Homeowner-3 policy is the most common type of homeowner’s insurance policy; it is often referred to as a “named peril” policy, which means that it only covers the perils that are specifically listed in the policy. It covers the physical structure of the house as well as the contents inside against all perils except those specifically excluded in the policy.
The policy provides coverage for the homeowner’s dwelling and other structures, such as a garage or shed. It also covers personal property, including furniture, clothing, and other items within the home. In addition, the policy includes liability coverage, which provides protection in case someone is injured on the homeowner’s property.
Examples of perils that may be excluded include: damage caused by floods, earthquakes, and other natural disasters. Homeowners who live in areas prone to these types of events may need to purchase additional coverage.
This policy is commonly known as renter’s insurance, it is designed for those who rent their home or apartment. It provides coverage for renters or tenants of an apartment or the contents inside the rental property, but not the physical structure of the building.
The HO-4 policy coverage typically includes the following:
- Personal Property: This covers your personal belongings such as furniture, clothing, electronics, and other items that you own in case they are damaged, destroyed or stolen.
- Liability: This coverage pays for damages or injuries that you may be held responsible for. For instance, if you host a party and one or some of your guests gets hurt while in your rented home or apartment, the liability coverage will help cover the costs.
- Additional Living Expenses: This covers the cost of temporary living expenses if your rented apartment becomes inhabitable or if you are forced to vacate your rental property due to damage caused by a covered event such as a fire, water, rodents or a natural disaster.
It is also known as a comprehensive form policy.Homeowner-5 policy provides the broadest coverage of all homeowner’s insurance policies and covers the physical structure of the house and the contents inside against all perils, except for those explicitly excluded in the policy terms and conditions. This means that even if a specific type of damage is not listed as a covered peril, it will still be covered unless it is mentioned in the policy coverage as exclusive.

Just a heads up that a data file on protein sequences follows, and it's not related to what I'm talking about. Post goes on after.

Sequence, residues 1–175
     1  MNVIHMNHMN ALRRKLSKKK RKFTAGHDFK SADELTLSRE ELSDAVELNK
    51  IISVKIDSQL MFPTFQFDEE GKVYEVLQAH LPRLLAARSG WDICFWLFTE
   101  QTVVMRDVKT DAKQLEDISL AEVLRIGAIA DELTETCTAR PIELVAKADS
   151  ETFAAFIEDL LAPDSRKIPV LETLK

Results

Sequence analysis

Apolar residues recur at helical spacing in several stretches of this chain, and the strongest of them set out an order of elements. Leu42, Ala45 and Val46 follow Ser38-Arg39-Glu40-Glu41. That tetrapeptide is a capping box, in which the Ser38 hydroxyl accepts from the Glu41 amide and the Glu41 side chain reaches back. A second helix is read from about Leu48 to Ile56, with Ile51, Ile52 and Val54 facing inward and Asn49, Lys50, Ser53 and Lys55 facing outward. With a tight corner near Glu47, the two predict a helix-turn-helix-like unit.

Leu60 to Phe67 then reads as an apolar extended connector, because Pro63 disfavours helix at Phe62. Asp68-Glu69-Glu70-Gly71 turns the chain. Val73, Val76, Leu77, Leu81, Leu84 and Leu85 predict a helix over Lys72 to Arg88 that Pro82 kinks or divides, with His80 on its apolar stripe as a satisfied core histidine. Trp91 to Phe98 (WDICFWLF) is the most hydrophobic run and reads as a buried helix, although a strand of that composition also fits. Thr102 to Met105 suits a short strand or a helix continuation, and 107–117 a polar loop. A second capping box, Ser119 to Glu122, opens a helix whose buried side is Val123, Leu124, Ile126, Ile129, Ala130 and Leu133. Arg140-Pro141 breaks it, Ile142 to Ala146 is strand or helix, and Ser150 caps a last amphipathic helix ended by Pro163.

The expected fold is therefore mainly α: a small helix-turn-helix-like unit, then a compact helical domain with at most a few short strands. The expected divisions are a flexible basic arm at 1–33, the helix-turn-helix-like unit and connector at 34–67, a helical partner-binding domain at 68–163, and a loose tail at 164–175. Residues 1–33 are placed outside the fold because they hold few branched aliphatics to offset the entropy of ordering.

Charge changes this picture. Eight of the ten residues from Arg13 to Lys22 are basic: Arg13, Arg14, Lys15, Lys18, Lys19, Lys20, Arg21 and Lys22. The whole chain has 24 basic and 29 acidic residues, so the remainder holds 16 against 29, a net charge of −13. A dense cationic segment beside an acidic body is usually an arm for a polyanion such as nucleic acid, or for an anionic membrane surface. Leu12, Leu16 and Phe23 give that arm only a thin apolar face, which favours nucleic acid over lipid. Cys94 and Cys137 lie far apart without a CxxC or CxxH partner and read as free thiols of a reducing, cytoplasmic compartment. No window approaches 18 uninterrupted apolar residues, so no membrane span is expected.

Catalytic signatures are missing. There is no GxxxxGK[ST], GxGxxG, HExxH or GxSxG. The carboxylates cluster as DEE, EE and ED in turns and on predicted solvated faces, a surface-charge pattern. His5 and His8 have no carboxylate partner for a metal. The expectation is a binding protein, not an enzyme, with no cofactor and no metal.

Characteristics of an HO-5 policy include:
- All-risk coverage: Unlike other policies that cover only specific types of damage, an HO-5 policy covers damage caused by any peril, unless specifically excluded.
- Higher coverage limits: HO-5 policies typically offer higher limits for personal property and liability coverage than other policies.
- Replacement cost coverage: The policy pays for the full cost of replacing damaged or destroyed property, rather than just its current value.
- Additional living expenses coverage: If you’re forced to temporarily relocate due to damage to your home, an HO-5 policy may cover your additional living expenses, such as hotel costs and meals.
- No depreciation: The policy does not take into account the age or condition of the damaged property when determining the payout amount.
An HO-5 policy may be a good option for homeowners who want more comprehensive coverage or who have high-value possessions that they want to protect. However, it may also come with a higher premium than a standard HO-3 policy due to the increased coverage.
Finally, it is very important to carefully review the policy documents to understand the specific coverage and exclusions of your homeowner’s insurance policy. The cost of the policy will depend on a number of factors, including the value of the property, the level of coverage selected, and the location of the property.